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TR: What uncertainties remain, and how might technology help resolve them?

RP: One [challenge] is observing the ocean below the surface. One key concern is [whether] the deep overturning of the ocean from top to bottom is going to slow down in the future. At the moment, the ocean is a sink for heat, so it’s slowing down the warming. That sink for heat is possible only because you can take surface water down to the depths and bring cold water up to replace it.

The temperature record and salinity record in the ocean is very poorly sampled because you have to lower things on cables to the bottom of the ocean and bring them back up. Cheap sensors of temperature, salinity, and depth would be a big step forward. Their initial use would be understanding the ocean as it’s working right now.

TR: One of the IPCC charts shows that there is large uncertainty about the role of clouds. Why is that?

RP: One of the big differences when you see these models differing from one another is the way they handle clouds and convection. This relates to human influence because of aerosols–things like sulfates. When you throw sulfate aerosols into a preexisting cloud, water evaporates off the droplets that are there and recondenses on the sulfuric acid. For the same volume of water in the cloud, you now produce more cloud particles, and that increases the total surface area. That means they’re more reflective. So this is a human-induced increase in the reflectivity of existing clouds.

The uncertainty is because to assess that, you have to know the distribution of these short-lived aerosols all around the world. And then you have to understand the physics and the microphysics of these clouds in detail that you just do not have at the present time. Part of the understanding of convection and clouds is also to measure the cloud properties droplet by droplet, and that requires special instrumentation and a lot of work in the lab … If you have a droplet of water and a particle of sulfuric acid, what are the things that determine the transfer of the water droplet to the particle?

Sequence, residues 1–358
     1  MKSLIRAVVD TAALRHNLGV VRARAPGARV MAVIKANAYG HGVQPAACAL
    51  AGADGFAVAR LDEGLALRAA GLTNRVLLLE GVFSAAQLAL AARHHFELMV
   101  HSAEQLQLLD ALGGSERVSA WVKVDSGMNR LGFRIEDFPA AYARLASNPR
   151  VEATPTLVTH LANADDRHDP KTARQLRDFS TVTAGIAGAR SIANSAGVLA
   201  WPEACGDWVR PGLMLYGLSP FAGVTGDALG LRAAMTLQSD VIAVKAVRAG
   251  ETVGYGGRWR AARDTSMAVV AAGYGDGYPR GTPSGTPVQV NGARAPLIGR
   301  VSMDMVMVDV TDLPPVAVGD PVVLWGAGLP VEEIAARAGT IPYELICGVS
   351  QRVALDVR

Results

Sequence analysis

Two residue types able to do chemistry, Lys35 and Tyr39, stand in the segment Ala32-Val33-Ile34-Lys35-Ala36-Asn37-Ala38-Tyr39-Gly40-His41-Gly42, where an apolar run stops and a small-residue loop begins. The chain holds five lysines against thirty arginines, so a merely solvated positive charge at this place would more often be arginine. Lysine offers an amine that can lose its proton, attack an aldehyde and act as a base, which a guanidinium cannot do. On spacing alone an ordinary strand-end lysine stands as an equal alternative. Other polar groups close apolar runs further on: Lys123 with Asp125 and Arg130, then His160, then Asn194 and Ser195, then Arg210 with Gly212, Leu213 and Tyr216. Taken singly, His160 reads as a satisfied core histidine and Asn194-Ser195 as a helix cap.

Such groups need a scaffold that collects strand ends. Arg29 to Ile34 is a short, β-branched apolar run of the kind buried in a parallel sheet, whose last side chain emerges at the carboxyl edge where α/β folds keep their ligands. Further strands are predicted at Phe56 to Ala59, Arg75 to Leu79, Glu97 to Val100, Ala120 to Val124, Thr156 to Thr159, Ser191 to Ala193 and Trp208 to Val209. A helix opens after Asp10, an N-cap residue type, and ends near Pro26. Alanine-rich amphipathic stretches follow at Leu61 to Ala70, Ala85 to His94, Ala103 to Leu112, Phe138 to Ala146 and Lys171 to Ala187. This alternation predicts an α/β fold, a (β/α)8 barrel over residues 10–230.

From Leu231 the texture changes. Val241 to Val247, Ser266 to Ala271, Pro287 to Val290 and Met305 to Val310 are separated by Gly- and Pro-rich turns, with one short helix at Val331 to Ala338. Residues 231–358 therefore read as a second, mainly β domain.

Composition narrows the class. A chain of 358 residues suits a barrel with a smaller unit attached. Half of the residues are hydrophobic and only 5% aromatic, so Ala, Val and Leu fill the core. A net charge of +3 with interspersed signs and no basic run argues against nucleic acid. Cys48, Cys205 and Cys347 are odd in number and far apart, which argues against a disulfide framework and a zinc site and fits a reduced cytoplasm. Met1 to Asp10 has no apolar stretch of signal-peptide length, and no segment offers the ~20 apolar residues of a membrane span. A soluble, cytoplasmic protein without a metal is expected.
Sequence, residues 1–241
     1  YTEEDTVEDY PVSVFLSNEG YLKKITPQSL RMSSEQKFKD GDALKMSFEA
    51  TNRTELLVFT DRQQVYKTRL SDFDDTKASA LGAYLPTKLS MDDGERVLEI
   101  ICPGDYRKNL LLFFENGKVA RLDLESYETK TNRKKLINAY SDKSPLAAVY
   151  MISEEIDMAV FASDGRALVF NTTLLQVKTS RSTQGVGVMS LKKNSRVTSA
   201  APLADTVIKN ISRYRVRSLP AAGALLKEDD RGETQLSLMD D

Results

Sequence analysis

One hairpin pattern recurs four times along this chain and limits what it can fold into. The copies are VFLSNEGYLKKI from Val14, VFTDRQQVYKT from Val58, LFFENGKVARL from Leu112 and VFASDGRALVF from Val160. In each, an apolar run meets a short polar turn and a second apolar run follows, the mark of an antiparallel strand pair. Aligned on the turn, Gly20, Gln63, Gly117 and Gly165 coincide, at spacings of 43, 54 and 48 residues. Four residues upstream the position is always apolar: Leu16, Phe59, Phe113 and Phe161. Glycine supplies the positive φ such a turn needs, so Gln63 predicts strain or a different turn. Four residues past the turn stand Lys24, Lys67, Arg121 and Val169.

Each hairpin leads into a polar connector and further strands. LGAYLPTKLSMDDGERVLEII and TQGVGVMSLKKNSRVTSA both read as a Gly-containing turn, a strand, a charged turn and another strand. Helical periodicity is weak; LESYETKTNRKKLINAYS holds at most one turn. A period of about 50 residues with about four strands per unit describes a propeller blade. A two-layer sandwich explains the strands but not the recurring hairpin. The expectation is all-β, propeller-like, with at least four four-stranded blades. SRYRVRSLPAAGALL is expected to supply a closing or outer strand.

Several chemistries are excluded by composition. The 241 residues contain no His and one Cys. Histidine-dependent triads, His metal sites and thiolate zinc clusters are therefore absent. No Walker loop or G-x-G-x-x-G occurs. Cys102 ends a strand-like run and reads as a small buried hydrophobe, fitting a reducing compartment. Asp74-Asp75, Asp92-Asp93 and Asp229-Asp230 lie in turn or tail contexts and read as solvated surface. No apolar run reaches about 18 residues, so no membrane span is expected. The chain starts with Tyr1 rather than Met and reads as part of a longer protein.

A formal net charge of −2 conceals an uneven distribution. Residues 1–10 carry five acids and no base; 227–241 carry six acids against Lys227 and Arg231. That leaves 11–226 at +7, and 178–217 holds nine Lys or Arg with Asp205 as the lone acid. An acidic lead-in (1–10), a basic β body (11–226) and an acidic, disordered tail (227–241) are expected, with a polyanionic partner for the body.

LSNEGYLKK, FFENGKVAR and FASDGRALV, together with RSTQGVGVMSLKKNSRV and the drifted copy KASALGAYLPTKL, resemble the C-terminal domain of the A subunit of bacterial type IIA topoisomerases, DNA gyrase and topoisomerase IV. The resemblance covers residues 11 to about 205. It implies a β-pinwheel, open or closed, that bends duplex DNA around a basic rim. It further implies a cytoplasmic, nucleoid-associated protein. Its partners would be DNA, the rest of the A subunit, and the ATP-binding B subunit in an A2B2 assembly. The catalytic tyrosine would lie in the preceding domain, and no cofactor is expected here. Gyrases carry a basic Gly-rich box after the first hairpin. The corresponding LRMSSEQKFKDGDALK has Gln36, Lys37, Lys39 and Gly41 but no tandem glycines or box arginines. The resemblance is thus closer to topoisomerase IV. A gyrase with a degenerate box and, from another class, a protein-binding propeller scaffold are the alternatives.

TR: Can technology ever completely remove uncertainty about climate change?

RP: This is not a mathematical theorem that we can say at the end, QED. It will never be that. There will always be uncertainty, because it’s a highly uncertain system. But for the first time, [the IPCC authors] do work very, very hard to estimate the uncertainty on every key number.

TR: Given that this is not a mathematical theorem, how can you best deal with that uncertainty?

RP: Bring in lots of models, but those that you bring in have got to be credible models. One of the stipulations for getting your information into the assessment is, you have to have published it in a peer-reviewed journal, not in the Wall Street Journal op-ed or something like that. This is not credibly done with op-eds and in popular magazines. There is no legitimate role in the IPCC assessment, and for good reason, for things that are not published in the peer-reviewed literature. Some don’t like that, but that’s the nature of it, and it’s one of the rules of the game because it’s supposed to be a scientific assessment.

Nothing is purely scientific, of course, because every person has their own views and philosophies about how to do things. My own view of how to get around the uncertainties is to objectively estimate them. Do your best to estimate them at every point.

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Credit: MIT

Tagged: Energy, MIT, networks, global warming, Q&A, weather

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